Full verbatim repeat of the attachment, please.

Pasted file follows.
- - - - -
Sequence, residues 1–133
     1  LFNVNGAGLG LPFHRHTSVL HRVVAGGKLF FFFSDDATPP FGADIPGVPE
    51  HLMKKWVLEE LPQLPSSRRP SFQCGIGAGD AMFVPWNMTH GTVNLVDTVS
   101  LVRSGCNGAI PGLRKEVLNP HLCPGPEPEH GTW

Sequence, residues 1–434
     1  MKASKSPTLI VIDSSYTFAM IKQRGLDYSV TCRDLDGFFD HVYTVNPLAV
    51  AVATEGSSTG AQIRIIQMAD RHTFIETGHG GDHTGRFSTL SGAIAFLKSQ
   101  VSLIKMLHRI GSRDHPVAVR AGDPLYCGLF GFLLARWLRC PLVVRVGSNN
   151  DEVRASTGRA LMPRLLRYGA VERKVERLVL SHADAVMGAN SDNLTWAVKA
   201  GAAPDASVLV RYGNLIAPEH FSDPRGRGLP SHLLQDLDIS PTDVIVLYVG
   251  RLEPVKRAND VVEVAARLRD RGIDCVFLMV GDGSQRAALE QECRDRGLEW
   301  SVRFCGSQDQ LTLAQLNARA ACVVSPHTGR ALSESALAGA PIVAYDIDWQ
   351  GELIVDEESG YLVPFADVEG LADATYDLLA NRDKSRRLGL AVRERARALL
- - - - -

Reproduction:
Sequence, residues 1–133
     1  LFNVNGAGLG LPFHRHTSVL HRVVAGGKLF FFFSDDATPP FGADIPGVPE
    51  HLMKKWVLEE LPQLPSSRRP SFQCGIGAGD AMFVPWNMTH GTVNLVDTVS
   101  LVRSGCNGAI PGLRKEVLNP HLCPGPEPEH GTW

Sequence, residues 1–434
     1  MKASKSPTLI VIDSSYTFAM IKQRGLDYSV TCRDLDGFFD HVYTVNPLAV
    51  AVATEGSSTG AQIRIIQMAD RHTFIETGHG GDHTGRFSTL SGAIAFLKSQ
   101  VSLIKMLHRI GSRDHPVAVR AGDPLYCGLF GFLLARWLRC PLVVRVGSNN
   151  DEVRASTGRA LMPRLLRYGA VERKVERLVL SHADAVMGAN SDNLTWAVKA
   201  GAAPDASVLV RYGNLIAPEH FSDPRGRGLP SHLLQDLDIS PTDVIVLYVG
   251  RLEPVKRAND VVEVAARLRD RGIDCVFLMV GDGSQRAALE QECRDRGLEW
   301  SVRFCGSQDQ LTLAQLNARA ACVVSPHTGR ALSESALAGA PIVAYDIDWQ
   351  GELIVDEESG YLVPFADVEG LADATYDLLA NRDKSRRLGL AVRERARALL